An autumn update

It’s been a long while since we’ve posted anything. This year James took some students digging in Yorkshire as he’s still busy working on writing up the Lufton excavations. The post-excavation assessment for the villa is more or less complete. The main outstanding task is the drawings, which due to unforeseen circumstances are taking longer than anticipated.

We hope that GeoFlo may undertake some geophysics for us in the near future. With luck this will shed more light on the ancient landscape around the Lufton villa.


Happy New Year!

We haven’t been posting much recently. This is mainly because we are in the final stages or preparing the post-excavation assessment. Most of it is written but some unavoidable delays have slowed the production of the plans. We hope the report will be finished this year!

In other news Patricia Witts who visited the excavations in 2017 has just had her paper ‘A new angle on the Lufton mosaics’ published in Mosaic: the journal of ASPROM. It’s a fascinating study of the pavements from Lufton and includes her up-to-date discussion of the fish mosaic around the bath.

We hope that this year will see some more geophysics undertaken in the fields around Lufton by our friends over in SSARG. We’ve a few interesting locations to work on and if this work goes ahead we’ll try and keep you posted.




The Summer of 2018?

A few people have got in touch with James asking whether we’ll be back digging this Summer. It’s great everyone’s so interested and keen on the project!

As we’ve been digging a Scheduled Ancient Monument for two years it seemed appropriate to take a break and analyse all of the finds we’ve made. At the moment we’re busy writing the post-excavation assessment, which is nearly complete.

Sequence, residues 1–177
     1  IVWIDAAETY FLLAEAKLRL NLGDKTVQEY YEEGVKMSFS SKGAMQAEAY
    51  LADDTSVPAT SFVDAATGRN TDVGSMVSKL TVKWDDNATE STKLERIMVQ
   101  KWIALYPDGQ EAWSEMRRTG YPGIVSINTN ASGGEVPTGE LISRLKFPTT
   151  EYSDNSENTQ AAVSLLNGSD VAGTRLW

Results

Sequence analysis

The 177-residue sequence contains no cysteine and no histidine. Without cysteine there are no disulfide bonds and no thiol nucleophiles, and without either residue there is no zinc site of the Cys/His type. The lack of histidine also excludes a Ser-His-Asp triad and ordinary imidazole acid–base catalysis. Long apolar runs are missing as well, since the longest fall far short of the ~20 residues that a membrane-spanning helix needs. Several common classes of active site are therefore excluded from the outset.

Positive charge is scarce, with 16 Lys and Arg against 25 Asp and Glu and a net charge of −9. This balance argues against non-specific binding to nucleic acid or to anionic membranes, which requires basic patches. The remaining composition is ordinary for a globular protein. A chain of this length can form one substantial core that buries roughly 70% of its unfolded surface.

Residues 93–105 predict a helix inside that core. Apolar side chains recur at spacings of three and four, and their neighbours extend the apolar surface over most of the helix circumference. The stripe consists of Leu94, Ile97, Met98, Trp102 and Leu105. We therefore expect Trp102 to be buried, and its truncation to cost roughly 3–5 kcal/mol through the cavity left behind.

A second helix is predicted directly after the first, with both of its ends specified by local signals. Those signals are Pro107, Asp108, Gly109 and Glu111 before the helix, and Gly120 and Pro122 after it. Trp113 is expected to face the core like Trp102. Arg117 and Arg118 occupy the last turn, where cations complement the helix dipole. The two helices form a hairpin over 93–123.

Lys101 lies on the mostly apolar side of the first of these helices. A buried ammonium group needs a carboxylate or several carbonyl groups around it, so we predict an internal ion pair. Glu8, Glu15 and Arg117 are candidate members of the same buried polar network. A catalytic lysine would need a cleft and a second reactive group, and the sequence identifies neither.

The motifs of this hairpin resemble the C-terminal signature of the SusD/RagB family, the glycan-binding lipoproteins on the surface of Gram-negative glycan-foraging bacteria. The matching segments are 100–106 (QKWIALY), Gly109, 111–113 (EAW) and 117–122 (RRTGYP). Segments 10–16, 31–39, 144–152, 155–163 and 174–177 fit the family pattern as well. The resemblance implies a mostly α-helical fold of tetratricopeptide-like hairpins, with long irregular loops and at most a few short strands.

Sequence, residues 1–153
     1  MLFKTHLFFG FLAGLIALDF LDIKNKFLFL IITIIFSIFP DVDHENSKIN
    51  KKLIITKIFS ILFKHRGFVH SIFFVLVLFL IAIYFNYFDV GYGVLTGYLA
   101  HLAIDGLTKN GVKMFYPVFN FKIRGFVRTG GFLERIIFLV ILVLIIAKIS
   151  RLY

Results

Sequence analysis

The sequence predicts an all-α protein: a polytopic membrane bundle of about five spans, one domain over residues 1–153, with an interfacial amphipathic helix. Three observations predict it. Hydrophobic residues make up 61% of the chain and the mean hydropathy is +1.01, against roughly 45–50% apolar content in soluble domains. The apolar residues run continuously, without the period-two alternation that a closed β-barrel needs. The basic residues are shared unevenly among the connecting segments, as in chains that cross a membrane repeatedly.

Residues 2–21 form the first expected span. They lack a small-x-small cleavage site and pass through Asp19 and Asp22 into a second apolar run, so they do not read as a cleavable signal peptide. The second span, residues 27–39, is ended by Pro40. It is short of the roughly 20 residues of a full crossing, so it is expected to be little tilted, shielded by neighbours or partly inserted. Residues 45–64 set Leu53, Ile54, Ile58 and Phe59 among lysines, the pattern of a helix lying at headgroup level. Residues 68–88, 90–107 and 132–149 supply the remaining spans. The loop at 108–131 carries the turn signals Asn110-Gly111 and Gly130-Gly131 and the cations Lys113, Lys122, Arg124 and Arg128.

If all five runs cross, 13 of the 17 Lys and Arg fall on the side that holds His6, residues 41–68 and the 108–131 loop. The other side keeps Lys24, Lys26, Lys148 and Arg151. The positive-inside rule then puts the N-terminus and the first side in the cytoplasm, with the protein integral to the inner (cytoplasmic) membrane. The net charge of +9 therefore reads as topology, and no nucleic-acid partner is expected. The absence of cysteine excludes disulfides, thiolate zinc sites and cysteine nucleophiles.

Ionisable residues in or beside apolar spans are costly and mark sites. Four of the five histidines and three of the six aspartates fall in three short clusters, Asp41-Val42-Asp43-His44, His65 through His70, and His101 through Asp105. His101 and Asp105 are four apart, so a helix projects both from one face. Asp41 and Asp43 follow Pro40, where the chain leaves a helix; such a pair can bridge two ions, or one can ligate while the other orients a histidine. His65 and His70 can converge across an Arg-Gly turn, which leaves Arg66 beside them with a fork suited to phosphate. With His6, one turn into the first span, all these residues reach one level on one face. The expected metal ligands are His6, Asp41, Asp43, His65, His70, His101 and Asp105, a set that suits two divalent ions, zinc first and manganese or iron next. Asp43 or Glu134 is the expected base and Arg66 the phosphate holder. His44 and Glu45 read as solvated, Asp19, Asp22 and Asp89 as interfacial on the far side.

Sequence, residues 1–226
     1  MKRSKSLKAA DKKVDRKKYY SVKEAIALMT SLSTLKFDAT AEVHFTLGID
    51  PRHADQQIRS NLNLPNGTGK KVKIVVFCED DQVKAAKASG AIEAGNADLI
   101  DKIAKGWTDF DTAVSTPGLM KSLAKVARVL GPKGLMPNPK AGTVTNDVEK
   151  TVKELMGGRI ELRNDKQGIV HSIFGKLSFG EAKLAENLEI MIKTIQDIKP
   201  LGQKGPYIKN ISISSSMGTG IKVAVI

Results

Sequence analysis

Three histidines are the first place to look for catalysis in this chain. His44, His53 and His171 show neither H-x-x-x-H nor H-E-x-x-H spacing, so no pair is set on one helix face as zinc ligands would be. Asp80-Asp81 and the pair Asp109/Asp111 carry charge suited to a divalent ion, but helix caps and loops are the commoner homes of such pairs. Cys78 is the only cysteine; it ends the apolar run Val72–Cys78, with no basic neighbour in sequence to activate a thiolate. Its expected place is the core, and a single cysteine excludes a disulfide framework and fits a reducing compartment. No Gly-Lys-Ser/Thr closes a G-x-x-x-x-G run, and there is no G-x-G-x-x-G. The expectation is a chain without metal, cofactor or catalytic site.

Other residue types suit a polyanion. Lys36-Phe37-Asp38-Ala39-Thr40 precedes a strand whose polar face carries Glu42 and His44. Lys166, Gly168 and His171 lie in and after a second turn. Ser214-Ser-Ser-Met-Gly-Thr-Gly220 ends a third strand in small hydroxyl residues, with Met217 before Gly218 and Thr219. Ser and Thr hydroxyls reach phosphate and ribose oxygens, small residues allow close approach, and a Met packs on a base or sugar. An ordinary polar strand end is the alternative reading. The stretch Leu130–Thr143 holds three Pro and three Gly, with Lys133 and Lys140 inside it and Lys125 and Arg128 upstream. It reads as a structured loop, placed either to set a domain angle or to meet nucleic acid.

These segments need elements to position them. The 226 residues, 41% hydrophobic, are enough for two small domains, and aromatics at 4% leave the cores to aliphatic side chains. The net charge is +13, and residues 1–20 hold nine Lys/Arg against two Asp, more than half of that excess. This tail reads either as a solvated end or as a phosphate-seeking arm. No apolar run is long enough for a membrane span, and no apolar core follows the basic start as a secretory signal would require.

We hope that we will be able to return to Lufton in the future. As ever, funding is the biggest issue. Watch this space…


A post-ex update: beads

The blog has been quiet for while. Fear not, work has been progressing on the post-excavation analysis of the finds. The soil samples from 2017 have all been sieved and the various tiny residues have been sent off to specialists for analysis.

Perhaps the most interesting discovery made in the sieving of the soil samples are a few tiny glass beads. These are lovely little objects that would have been worn as part of a necklace by a late Roman Lady.


James is currently on research leave, so is planning to crack on with writing the post-excavation assessments. He and Andy have a meeting on Monday to discuss the phasing and plans of the site.


Barrow Excavations Published!

We’re pleased to announce the publication of ‘The deserted medieval settlement at (?)Barrow, Odcombe, Somerset: trial excavations in 2014′ by James Gerrard and Andrew Agate (with contributions by Berni Seddon, Kevin Hayward, Don O’Meara and Kevin Rielly) in Volume 32 of Medieval Settlement Research, pages 60-69).

Publication is an important part of the process of archaeological investigation and this article marks the dissemination of the results of the 2014 season of excavation.